About me

I was 16 when the writing bug bit me hard. Getting my poems and reflective essays published in local magazines was encouraging. But as much as I found myself attracted to the idea of making this form of self-expression a full-time endeavor, the thought of letting down my parents held me back.

I halfheartedly prepared for management courses, studied computer networking for a year, and even tried my hand at teaching. Anything but writing.

Ok. Time to ‘fess up. I was still writing on the side. Small freelance op-eds for the local daily; a couple of reports for another national magazine; my journal. Just pursuing my “hobby” as I’d tell mom.

Sneakily, I had applied for a writing position with a publishing house in Mumbai. Within three days of my application, the hiring manager called. A 45-minute phone interview ensued. I was shaking with nervousness. If I got this job it would be a resounding validation of my skills. I could convince mom and dad that I was good at this – that someone thought my writing was worth a paycheck.

48 hours of suspense. I checked my e-mail every hour on the painfully slow dial-up connection; made sure the telephone receiver was kept properly. I couldn’t eat, sleep, or drink. And then it came. The offer letter. They wanted me to start in a week.

Surprise. A tinge of disappointment. Anxiousness. Those were the three emotions my parents exhibited when I broke the news. Two days later, these would be replaced by excitement – a mild sense of achievement. Happiness that their only child was taking flight.

I had found my wings.

I learned many new skills on the job, but within nine months I was keenly aware of my shortcomings. I had no real grounding in journalism. “You’re supposed to get married at this age, not go back to school,” said dad when I told him I wanted to get a master’s degree.

In the U.S.

I quit my first job, flew back home, and started preparing for the GRE and TOEFL. “It isn’t the writing bug that’s bitten her,” mom would say. “It’s the love bug.” She was partly right.

An unexpected e-mail from halfway across the world had made its way into my inbox in the wee hours of a winter night. He had read my poem on sexual exploitation of girls and wanted to know what kind of a nut-job I was. What business did I have thinking and writing about such serious topics at my age when my peers were out shopping for bangles or discussing the latest Bollywood heartthrob? He was moved (and curious enough) to write me. I responded. Within a week of exchanging 50-odd e-mails and four-long IM conversations per day, we knew we were meant to be.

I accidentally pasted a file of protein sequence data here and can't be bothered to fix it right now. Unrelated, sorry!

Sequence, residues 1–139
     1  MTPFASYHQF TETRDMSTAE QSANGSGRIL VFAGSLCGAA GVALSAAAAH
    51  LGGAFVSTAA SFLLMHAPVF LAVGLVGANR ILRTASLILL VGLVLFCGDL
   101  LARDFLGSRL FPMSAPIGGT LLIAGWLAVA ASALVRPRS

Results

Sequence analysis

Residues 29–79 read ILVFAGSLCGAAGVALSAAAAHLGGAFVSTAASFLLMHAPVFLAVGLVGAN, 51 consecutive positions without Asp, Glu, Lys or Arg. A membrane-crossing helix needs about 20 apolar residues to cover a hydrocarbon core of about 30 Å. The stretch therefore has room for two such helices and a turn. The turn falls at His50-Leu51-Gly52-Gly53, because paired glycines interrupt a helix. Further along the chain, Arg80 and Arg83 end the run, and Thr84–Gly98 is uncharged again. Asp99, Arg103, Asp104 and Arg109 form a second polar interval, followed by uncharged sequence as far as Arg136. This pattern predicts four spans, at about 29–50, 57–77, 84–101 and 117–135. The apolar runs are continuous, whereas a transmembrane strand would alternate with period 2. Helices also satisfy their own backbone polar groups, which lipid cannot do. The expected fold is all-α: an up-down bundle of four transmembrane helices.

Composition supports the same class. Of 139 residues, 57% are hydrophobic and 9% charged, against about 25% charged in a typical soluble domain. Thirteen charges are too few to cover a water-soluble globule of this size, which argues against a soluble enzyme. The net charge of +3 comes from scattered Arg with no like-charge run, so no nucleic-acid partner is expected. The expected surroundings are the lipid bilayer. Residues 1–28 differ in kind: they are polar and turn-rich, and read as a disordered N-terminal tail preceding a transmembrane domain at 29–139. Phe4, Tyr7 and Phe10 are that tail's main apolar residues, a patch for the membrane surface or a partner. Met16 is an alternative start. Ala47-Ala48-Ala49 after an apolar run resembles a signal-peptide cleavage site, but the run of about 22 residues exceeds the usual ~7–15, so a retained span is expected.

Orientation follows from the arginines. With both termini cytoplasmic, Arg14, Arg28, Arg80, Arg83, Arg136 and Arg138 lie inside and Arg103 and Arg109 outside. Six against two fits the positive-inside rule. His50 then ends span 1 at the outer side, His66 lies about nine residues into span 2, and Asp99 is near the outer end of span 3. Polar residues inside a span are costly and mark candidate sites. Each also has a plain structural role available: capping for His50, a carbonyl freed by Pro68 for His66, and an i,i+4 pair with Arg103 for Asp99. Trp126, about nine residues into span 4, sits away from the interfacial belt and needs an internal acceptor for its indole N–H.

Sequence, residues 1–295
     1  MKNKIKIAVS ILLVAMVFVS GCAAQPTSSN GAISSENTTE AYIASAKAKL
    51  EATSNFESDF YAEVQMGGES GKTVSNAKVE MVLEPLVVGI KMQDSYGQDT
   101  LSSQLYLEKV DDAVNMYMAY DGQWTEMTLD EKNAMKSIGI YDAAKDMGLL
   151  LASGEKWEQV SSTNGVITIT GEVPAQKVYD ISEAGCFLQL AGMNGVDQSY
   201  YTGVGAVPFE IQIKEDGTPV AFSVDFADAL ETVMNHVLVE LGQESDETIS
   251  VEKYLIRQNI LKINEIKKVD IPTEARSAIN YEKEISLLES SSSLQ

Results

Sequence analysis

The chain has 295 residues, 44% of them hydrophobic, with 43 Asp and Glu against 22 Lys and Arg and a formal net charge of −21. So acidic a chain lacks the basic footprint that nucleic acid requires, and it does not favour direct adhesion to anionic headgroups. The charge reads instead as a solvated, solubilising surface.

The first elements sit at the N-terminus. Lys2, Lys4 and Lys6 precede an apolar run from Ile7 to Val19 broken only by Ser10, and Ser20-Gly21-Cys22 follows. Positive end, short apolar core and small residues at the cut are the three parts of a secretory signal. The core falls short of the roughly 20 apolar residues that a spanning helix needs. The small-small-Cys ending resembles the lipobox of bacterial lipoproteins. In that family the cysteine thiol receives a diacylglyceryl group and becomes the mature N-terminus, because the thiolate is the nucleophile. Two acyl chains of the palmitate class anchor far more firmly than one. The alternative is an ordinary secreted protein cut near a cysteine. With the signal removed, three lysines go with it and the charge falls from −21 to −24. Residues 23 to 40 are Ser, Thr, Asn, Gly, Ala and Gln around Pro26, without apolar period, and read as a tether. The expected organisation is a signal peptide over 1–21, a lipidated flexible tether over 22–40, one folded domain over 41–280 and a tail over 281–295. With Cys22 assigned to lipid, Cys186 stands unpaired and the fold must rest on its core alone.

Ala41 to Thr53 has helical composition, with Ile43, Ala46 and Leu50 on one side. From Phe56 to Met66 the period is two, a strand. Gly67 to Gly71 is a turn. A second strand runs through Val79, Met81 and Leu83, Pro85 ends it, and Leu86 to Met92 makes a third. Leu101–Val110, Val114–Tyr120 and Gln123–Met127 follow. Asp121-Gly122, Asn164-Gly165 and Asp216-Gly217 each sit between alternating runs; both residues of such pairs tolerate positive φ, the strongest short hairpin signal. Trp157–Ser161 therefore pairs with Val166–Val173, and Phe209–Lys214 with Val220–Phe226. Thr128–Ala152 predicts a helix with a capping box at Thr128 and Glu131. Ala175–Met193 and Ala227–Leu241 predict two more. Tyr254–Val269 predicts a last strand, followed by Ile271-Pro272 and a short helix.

He loved my writing style. Encouraged me to speak my heart. Inspired me. Challenged me. Supported me. Was my worst critic. My best friend. Still is.

After a year of drama, intense preparation, and lots of rewrites I got into all the six colleges I’d applied to. I chose to go to the University of Iowa. It was hard – more for my parents than me. I was looking forward to a new life. They were pining for their baby girl.

We made it through.

2004 was a milestone year: I graduated with a master’s degree in journalism, got my first full-time job in the U.S., moved from the mid-west to California to be with my husband (we’d gotten married the year before), and got a driver’s license.

Six years later, I continue to enjoy writing as a profession. I write about students, professors, philosophers. Through their stories, I inspire interest in education.

My parents used to say I had the brains to become a lawyer, an IAS (Indian Administrative Services) officer, an engineer, a banker, or anything I wanted, but I chose to be a writer. (And truth be told, they’re proud to see my byline now and again.)

It doesn’t pay as much as all the other “choices” I had, but it’s satisfying.

And with my blog, I can take a break from PR communication, and write about things I’m passionate about. My ponderings. My observations. My two-cents on the goings on of this crazy world. It’s where I find my solace.

It’s where I hope you can find some inspiration, too.

Mansi Bhatia's VisualCV


19 responses to “About me

  1. Pingback: What does “a calling” mean anyways? | First Impressions

  2. daffodils2

    Hi Mansi, i am new to blogging, just my 7th day on wordpress and 2nd on indiblogger.